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In coronavirus fight, your pharmacist could be an unexpected hero
Retail pharmacy chains such as CVS, Rite Aid, Walgreens and Walmart are already joining forces with federal and state authorities to set up “drive-through” testing sites near their store locations. Pharmacies are perfectly situated for the task at hand.
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Ninety percent of Americans live within five miles of a pharmacy, and there are more than 300,000 licensed pharmacists employed in the United States. While progress setting up these sites has thus far been slow, the new order from HHS should hopefully help to speed up these efforts.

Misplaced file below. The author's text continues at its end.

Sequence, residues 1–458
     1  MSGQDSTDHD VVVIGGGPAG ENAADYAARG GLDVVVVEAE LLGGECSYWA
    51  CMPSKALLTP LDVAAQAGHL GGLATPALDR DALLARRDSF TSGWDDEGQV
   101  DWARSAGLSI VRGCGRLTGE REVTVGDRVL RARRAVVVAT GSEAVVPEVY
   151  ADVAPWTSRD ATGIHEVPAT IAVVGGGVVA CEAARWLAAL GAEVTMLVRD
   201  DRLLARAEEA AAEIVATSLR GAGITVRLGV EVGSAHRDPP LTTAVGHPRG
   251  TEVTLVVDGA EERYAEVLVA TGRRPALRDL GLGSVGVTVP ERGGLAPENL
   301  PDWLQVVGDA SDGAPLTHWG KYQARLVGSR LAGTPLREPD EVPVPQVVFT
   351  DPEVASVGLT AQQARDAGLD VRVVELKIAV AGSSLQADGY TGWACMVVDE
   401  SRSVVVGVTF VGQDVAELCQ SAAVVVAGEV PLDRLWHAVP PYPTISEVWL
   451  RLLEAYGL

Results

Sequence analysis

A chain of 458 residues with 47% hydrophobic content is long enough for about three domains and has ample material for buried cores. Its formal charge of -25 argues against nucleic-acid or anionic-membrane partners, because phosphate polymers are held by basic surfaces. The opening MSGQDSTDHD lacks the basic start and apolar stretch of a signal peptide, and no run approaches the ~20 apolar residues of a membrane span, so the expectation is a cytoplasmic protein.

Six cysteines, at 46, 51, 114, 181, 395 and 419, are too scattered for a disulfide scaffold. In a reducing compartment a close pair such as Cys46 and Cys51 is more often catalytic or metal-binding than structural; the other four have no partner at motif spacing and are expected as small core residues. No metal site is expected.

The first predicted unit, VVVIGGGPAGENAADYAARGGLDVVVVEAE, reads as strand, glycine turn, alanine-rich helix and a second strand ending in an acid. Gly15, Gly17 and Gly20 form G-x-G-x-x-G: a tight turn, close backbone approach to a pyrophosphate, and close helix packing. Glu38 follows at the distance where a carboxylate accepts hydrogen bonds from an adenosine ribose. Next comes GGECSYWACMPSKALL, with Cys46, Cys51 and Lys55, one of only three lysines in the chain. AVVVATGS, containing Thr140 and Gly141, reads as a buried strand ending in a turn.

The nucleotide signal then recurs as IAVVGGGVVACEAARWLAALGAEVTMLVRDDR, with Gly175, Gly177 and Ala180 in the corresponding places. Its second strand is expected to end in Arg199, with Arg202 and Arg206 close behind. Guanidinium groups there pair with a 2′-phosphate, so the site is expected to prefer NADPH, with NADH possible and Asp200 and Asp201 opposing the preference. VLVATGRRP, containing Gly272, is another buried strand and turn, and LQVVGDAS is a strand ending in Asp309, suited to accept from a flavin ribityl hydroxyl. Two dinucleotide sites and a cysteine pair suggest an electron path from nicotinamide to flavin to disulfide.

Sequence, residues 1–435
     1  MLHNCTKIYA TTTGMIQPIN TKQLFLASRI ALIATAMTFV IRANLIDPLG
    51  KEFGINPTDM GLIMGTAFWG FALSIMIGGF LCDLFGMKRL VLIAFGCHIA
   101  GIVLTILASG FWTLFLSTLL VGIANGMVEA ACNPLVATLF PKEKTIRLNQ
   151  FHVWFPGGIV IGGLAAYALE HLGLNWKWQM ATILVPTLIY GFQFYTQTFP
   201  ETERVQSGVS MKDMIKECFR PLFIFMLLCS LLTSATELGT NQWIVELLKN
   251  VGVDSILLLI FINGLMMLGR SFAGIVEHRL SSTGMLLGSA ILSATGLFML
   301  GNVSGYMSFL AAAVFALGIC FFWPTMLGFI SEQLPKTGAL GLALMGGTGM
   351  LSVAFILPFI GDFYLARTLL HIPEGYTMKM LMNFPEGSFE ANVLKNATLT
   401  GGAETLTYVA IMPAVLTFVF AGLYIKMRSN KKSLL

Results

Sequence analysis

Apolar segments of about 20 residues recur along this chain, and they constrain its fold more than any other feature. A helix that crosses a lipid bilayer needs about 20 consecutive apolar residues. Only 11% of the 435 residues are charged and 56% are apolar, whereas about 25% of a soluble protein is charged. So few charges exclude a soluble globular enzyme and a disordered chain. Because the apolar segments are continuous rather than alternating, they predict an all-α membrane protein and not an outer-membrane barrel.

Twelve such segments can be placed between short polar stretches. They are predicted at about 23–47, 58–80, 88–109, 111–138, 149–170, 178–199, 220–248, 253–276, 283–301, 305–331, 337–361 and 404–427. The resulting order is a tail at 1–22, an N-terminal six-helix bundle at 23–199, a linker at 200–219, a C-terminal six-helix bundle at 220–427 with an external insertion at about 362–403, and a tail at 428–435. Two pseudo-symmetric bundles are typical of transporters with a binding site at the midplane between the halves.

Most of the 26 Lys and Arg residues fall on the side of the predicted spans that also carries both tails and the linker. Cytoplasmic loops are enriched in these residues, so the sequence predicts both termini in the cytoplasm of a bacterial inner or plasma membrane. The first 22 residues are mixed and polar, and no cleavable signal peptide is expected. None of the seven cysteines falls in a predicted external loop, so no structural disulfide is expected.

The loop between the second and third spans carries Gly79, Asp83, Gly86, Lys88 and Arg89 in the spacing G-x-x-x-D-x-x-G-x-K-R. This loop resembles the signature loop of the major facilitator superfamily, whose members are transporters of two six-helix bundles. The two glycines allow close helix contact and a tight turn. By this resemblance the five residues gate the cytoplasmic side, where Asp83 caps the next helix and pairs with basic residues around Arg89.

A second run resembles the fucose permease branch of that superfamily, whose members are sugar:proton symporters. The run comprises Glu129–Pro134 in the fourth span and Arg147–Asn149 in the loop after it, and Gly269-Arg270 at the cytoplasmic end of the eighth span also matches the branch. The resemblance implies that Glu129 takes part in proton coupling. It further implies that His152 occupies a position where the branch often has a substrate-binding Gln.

Pharmacists have plenty of training and experience that can make a difference during a pandemic. There is already a process for pharmacies to become labs capable of conducting certain simple health tests. Under the Clinical Laboratory Improvement Amendments (CLIA), pharmacies can obtain waivers from the Department of Health and Human Services that allow them to conduct routine tests for conditions like influenza or strep throat.
As rapid-response COVID-19 tests are already being developed and approved for use by the FDA, expect pharmacists to be on the front lines of testing in the coming months.
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When the emergency phase passes, however, public health can continue to be advanced by tapping pharmacists’ extensive training and capabilities. In recent weeks, governors around the country have moved to relax many medical regulations that have hampered the government’s response to the pandemic. Laws that impede the ability of pharmacists to test and treat certain routine illnesses should likewise be reconsidered.